Why I Scream in Verse: At the World | Isha Snehal | Book Review

Why I Scream in Verse

POEMS: 4/5
THEME: 4/5
ILLUSTRATIONS: 3.5/5
ENTERTAINMENT QUOTIENT: 4/5

My Musings

From utter dislike to indifference to marginal acceptance to actually enjoying, my feelings towards poetry have undergone a drastic change in the last couple of years.

As a child, I dabbled in a bit of poetry, but somehow English poetry never fascinated me much. I was somebody who grew up admiring the likes of Makhan Lal Chaturvedi and Subhadra Kumari Chauhan. The Byrons, Keats and Frosts of the world failed to evoke the same kind of enthusiasm in me.

Thanks to the recent interest in modern age poetry, English poetry has finally caught my fancy.

Nowadays, I often find myself admiring and enjoying English poetry. Recently, I had the chance to enjoy a beautiful poetry collectionWhy I Scream in Verse.

Read on to know about my thoughts on Why I Scream in Verse! at the World.

What to expect?

Why I Scream in Verse: At the World is a collection of 50 poems which are segregated into 3 different categories – A Woman’s Journey, Social Clauses and And we Rise.

Most of the poems are short while a couple of them stretch over to two pages. If you are just getting into non-romantic poetry this might be a good book for you because the author’s simple yet powerful writing makes for an effortless read.

The theme

The first section mostly deals with women-centric issues like child marriage, body shaming, self-image issues, married life, child molestation, moral policing, domestic violence, divorce and social stigma among others. The woman-centric theme of this poetry collection makes this book a must read for every woman.

The second section deals with various social causes and issues. This section is yet another eye-opener as it talks about some of the most trivial yet often ignored topics. Some of the subjects of the poems included in this section are a garbage bin, a sweeper, a flute boy and a roadside vendor. If you are an emotional reader, you will be moved to shed a tear or two at some of the poems included in the section.

The third and last section is called And We Rise. After such thought-provoking topics in the previous two sections, the third one gives us a new ray of hope. The poems included in this part are multi-hued and can be best classified as diverse.

The illustrations

One thing which makes Why I Scream in Verse: At the World stand apart from other poetry books is the simple yet striking illustrations that accompany each poem.

That the illustrations also come from the author’s own brush is yet another strong point of this book; who better than the author to convey and complement her own words through the medium of art.

Overall, the illustrations are pretty basic. Even to a layman’s eye, they wouldn’t be a piece of art but that’s not the reason why they are included. In my opinion, they serve their purpose quite well.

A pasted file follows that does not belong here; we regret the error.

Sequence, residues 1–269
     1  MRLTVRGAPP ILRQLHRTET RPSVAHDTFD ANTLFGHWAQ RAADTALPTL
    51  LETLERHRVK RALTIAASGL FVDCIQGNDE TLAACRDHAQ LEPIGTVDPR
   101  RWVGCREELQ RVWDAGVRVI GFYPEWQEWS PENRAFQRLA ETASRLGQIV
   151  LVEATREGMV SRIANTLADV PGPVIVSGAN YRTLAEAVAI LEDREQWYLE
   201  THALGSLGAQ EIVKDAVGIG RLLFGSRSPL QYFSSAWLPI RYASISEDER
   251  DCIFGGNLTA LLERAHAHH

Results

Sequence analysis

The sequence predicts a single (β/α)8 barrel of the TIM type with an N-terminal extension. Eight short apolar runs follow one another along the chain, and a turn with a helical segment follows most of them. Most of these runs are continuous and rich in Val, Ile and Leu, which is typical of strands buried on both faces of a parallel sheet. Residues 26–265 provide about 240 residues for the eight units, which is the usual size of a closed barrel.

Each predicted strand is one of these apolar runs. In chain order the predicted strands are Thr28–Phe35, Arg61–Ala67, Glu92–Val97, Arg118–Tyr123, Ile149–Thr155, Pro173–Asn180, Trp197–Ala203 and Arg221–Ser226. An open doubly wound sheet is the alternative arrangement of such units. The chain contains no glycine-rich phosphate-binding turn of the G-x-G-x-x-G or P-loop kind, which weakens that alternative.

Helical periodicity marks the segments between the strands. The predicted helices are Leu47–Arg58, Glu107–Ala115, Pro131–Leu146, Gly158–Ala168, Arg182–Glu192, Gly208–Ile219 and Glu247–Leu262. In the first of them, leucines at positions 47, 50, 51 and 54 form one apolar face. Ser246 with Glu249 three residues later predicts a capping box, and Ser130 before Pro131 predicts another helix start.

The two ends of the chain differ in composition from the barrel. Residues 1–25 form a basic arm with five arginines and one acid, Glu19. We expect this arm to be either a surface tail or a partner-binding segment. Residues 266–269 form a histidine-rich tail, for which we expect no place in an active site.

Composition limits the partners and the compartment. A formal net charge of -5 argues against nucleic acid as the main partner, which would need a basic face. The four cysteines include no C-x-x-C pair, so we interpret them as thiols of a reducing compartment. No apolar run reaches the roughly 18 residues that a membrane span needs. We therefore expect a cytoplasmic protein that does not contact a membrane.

My personal favorites

The poem that reduced me to tears and managed to render me speechless was “Garbage Bin”. It talks about how the garbage bin repents over the sins that it is sometimes made to commit against the young hopeless children who are left to die in its cradle. Even though it is a rather short poem, it doesn’t matter how many words one writes as long as one is able to convey a message as significant as this one.

Another poem that I absolutely loved was written in the voice of a young boy who talks about his sister. The poem is titled “For My Lovely Sister: Her Brother”. In a very innocent and naïve way, the boy tells us how her sister never really got to study as much as she liked, about how she would love to solve puzzles at the sink while washing dishes, and how she was given away at a very young age. All of it because she was a girl.

The final verdict

In simple words, I would recommend Why I Scream in Verse: At the World to all women readers.

The book poses some very essential questions and each and every poem is designed to make you ponder. There is meaning in every line and even between the lines.

What’s more? The book doesn’t make poetry sound elitist and reserved only for a select few. This book is for all and is written in a way that the messages it carries will be understood by all.

Pick up the book if

  • You are a woman and you like poetry.
  • You like poetry which makes a difference.
  • You like poetry that talks about women and various women-centric issues.

Skip the book if

  • You don’t like poetry.
  • You are looking for only romantic poetry.
  • Social causes and issues aren’t really your thing.

Can’t wait to read it? Buy your copy of Why I Scream in Verse using the link below.

Amazon

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